Stephanie Ruhle Hyped Shoes on Air Despite Her ‘Close Ties’ With CEO

February 22nd, 2019 4:46 PM

One word that is not often used to describe the mainstream media these days is “objective.” This concept indicates that a reporter or journalist should not have any hidden connections with people or products being discussed.

That philosophy took a major hit on Thursday, when NBC News correspondent Stephanie Ruhle was accused of promoting Under Armour shoes without letting viewers know she has “close ties” with the sports apparel company’s CEO, Kevin Plank.

In an article written by Alex Griswold, a staff writer for the Washington Free Beacon website, the co-host of MSNBC Live with Ali Velshi “reported on and boosted Under Armour shoes on the air without disclosing to viewers that she had an existing relationship” with Plank, and that the couple has developed “close ties in recent years.”

While advising the CEO on business matters, the correspondent was rewarded with flights on Plank’s private jet for defending the shoes in cases of negative press about the products.

Quoting from a report by the Wall Street Journal, Griswold also noted:

Under Armour employees found the arrangement “problematic” and believed Ruhle and Plank were in a romantic relationship, according to individuals familiar with the matter.

The Under Armour board also uncovered “emails that showed an intimate relationship between them," those people said, but the company [claimed] the two were "friends."

“Both Ruhle and Plank are married,” he said, and not to each other.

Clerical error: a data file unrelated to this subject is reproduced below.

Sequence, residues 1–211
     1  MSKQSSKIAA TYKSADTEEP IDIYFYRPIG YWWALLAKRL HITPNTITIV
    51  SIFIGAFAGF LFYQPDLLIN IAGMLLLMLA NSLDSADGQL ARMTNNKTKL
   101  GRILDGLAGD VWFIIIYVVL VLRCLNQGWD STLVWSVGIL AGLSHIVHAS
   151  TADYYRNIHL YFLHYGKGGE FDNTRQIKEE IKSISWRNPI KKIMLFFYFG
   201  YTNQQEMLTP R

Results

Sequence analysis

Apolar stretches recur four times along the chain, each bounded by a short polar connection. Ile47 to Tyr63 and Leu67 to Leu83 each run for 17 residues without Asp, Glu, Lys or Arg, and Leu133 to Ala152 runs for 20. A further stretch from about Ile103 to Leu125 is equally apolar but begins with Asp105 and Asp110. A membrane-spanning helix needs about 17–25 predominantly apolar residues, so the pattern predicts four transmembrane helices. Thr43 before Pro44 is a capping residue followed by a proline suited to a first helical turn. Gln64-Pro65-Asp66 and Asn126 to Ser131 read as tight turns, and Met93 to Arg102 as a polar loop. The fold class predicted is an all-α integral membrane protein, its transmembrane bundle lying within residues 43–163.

In June of 2016, the company released a brand of sneakers named for Stephen Curry, a popular professional basketball player for the Golden State Warriors.

The products “were universally roasted as ugly and boring,” Griswold continued. “Under Armour employees were told not to address criticism because Ruhle told the company that “she would step in and discuss the shoes on TV.”

Sure enough, archived video of Ruhle’s appearance on NBC's Today program that weekend shows she defended the shoes "without disclosing her and Plank's relationship -- whether in business, friendship or otherwise -- or revealing that she coordinated with Under Armour."

"I really like this shoe," Ruhle then told co-host Craig Melvin.

In addition, the NBC News correspondent argued that the backlash to the white shoe was just due to people being more familiar with the "sleek black sneakers" Curry usually wore on the basketball court.

"This, just in time for Father's Day, dads!" she said, holding the shoes and looking into the camera.

As if her bias wasn’t obvious enough, Ruhle also defended the sneakers on social media, saying she planned to buy a pair for her father.

“Ruhle would continue to hawk Under Armour products and feel-good PR campaigns at least a dozen times throughout the next two years,” Griswold noted, while never disclosing her reported relationship or role as an advisor.

In another Twitter post, the MSNBC co-host declared: “They are the best -- @UnderArmour Coast shoes -- look good enough for moms -- feel good enough for boys.”

She also tweeted that Under Armour is an “incredible brand story” that “started with an SBA (Small Business Administration) loan.”

After Colin Kaepernick began kneeling for the Pledge of Allegiance at NFL games, the company posted: “@UnderArmour stands for the flag and by our Athletes for free speech, expression and a unified America.”

Of course, Ruhle promoted the “news” by tweeting: “It’s not just the athletes stepping in & standing up for free speech … now comes the brands. Thank you, @UnderArmour.

It comes as no surprise that Griswold concluded his article by posting: “MSNBC did not respond to a request for comment.”